National Family Health History Day 2020
National Family Health History Day has been recognized since 2004 during the month of November and is sponsored by the U.S. Department of Health and Human Services. National Family Health History Day is celebrated on Thanksgiving. Over this holiday when families gather, the Surgeon General (@) encourages them to discuss and record the health problems that run in their family. Sharing your family’s health history with your doctor provides an invaluable tool for your health care.
Your family health history can help your health care practitioner provide better care for you. It can help identify whether you have higher risk for some diseases. It can help your health care practitioner recommend actions for reducing your personal risk of disease. And it can help in looking for early warning signs of disease.
The Surgeon General’s “My Family Health Portrait” is an internet-based tool that makes it easy for you to record your family health history. The tool is easy to access on the web and simple to fill out. It assembles your information and makes a “pedigree” family tree that you can download. It is private–it does not keep your information. It gives you a health history that you can share with family members or send to your health care practitioner.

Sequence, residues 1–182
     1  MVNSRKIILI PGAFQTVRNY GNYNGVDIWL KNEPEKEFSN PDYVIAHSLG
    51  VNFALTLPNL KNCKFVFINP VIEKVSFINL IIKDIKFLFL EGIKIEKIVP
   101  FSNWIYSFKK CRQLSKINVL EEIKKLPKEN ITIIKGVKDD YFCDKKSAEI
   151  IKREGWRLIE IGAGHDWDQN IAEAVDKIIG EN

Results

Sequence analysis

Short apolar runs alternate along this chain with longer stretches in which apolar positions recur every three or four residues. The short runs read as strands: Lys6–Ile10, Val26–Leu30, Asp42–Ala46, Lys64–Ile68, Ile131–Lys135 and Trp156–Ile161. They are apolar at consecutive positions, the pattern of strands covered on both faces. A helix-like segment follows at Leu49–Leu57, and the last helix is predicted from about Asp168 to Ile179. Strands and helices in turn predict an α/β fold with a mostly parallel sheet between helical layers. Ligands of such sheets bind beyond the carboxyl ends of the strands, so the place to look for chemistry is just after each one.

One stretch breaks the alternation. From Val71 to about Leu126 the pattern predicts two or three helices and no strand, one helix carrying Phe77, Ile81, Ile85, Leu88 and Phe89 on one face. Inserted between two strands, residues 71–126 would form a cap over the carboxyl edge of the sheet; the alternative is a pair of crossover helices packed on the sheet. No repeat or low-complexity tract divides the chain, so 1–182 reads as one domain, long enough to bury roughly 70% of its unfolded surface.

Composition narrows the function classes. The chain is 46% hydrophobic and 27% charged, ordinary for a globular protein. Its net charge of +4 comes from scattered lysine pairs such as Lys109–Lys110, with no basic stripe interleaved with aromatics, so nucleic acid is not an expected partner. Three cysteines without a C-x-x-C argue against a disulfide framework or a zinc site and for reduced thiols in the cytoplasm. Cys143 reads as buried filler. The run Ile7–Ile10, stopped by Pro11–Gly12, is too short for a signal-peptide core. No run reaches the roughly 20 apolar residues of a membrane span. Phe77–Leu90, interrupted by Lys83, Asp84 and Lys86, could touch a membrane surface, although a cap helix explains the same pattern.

The tool allows you to:
- Enter your family health history
- Learn about your risk for conditions that can run in families
- Print your family health history to share with family or your health care provider
- Save your family health history so you can update it over time
Why is understanding your family health portrait so important? Because it can show you a picture of your family’s generations and the health disorders that may have moved from one generation to the next. That is a powerful tool for you and your health care provider to have when predicting diseases you may be at risk for.
A PDF version of the tool is also available in English and Spanish if you prefer to gather and record your family history by hand.
By collecting health information from relatives, individuals and families are taking the first step towards preventing diseases or health conditions. Family history cannot be changed — but sharing the history with health care providers can help to identify strategies to reduce risk for diseases like diabetes and heart disease in the future. Making healthy choices is important for everyone, but it is especially important for those at higher risk because of a family history of disease.
More information on the Surgeon General’s My Family Health Portrait is available at the Surgeon General’s My Family Health History Initiative webpage. Additional resources can be found on NIH’s National Human Genome Research Institute (@genome_gov) site.
Have a safe and happy holiday from all of us at Answers Media Network.